"Whenever you find you are on the side of the majority, it is time to pause and reflect" Mark Twain


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post #8 of 10 Old Sep 3rd, 2007, 1:00 pm
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Talking Not a good idea

Quote:
Originally Posted by c00k1e
Could the K1200lt tow a 375kg caravan?
If you want to tow a trailer AND stop it AND not over load your tires, trike your LT.

Safety Wisdom from the Bridgestone tire guy at CCR. T J Tennent.

That's what I learned from his 1 1/2 hour seminar.


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Bought used K1200LT number 3. This one is green/teal with 31,369(now 7/29/2018 54,143) miles and is an '02. The first 2 bikes made it to near 150,000 miles.
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Due to heart health, the Dr says not to ride under 40 degree air temp. Ugh! Now it is harder to get my 18000 miles a year in just in the summer. Guess that stopped my 20 degree rides now.
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post #9 of 10 Old Sep 5th, 2007, 3:36 am Thread Starter
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With it looking like the rear drive has gone AGAIN - I am very tempted!

"Whenever you find you are on the side of the majority, it is time to pause and reflect" Mark Twain


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post #10 of 10 Old Sep 5th, 2007, 9:15 am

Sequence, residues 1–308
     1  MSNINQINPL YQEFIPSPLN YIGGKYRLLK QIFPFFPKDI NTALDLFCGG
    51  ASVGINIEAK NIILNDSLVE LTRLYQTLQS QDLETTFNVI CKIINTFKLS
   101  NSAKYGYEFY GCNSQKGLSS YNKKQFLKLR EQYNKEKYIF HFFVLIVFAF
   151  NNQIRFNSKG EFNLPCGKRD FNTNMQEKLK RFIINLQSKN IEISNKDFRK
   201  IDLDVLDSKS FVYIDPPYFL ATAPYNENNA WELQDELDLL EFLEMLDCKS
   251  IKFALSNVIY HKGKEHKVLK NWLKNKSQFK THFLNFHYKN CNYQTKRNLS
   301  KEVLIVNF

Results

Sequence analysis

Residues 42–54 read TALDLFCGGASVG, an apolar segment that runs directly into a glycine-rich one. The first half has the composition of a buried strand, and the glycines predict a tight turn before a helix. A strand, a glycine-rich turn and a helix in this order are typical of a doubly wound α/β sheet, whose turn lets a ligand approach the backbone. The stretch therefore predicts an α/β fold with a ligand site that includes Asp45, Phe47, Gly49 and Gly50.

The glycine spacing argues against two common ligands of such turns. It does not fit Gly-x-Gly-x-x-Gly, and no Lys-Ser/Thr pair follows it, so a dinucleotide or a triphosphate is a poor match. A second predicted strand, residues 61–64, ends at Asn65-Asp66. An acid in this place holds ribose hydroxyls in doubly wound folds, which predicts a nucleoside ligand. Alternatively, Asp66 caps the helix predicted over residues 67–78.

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Quote:
Originally Posted by RonKMiller
My opinion is that it would just plain be unsafe...

Besides burning out the clutch to get it moving, you would probably require double the braking distance, and would definitely need electric brakes on the trailer - a pain in the butt to keep properly adjusted. Driving in traffic would be miserable, you would have to be on the power curve all the time to control it.

That much weight would also push you hard into corners - VERY unstable.

I currently wear out my rear tire twice as fast when towing.
Yes to all EXCEPT BRAKING DISTANCE X 5
It did push so hard in corners that I had to look and see if I had rolled the gas grabbing the brake.
I get about 6K on an M880 rear when pulling the trailer 10-11K solo.
Cookie there are lots of lite pop ups out there.
Rock

I'll will poisons the soul
Living well is the best revenge